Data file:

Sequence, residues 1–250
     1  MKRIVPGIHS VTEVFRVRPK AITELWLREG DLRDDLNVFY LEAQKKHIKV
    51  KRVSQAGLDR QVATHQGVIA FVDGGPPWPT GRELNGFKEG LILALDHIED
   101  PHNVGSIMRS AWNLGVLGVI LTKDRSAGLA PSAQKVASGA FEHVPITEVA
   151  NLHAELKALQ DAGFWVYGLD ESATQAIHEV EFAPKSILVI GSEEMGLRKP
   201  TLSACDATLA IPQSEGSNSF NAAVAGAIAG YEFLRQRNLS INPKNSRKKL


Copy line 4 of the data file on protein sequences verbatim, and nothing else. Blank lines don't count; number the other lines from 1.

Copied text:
   101  PHNVGSIMRS AWNLGVLGVI LTKDRSAGLA PSAQKVASGA FEHVPITEVA